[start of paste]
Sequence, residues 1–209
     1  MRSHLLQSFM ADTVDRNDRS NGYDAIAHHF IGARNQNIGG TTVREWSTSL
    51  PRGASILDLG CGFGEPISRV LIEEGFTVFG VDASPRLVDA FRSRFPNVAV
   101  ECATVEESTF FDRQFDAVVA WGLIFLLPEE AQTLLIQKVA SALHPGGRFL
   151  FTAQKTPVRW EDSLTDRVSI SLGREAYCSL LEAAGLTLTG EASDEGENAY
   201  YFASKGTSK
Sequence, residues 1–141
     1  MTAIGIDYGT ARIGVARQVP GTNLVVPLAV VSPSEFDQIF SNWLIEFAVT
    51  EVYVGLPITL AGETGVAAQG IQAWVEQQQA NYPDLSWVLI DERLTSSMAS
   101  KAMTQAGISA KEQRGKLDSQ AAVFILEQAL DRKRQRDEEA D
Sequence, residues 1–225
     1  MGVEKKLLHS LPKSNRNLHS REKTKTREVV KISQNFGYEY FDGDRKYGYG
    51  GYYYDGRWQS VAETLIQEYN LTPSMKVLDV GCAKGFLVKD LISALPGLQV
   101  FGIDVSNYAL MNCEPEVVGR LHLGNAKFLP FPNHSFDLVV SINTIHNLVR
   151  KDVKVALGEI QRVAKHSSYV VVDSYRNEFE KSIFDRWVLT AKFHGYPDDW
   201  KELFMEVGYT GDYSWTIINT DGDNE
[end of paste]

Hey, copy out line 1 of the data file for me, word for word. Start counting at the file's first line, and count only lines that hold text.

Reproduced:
Sequence, residues 1–209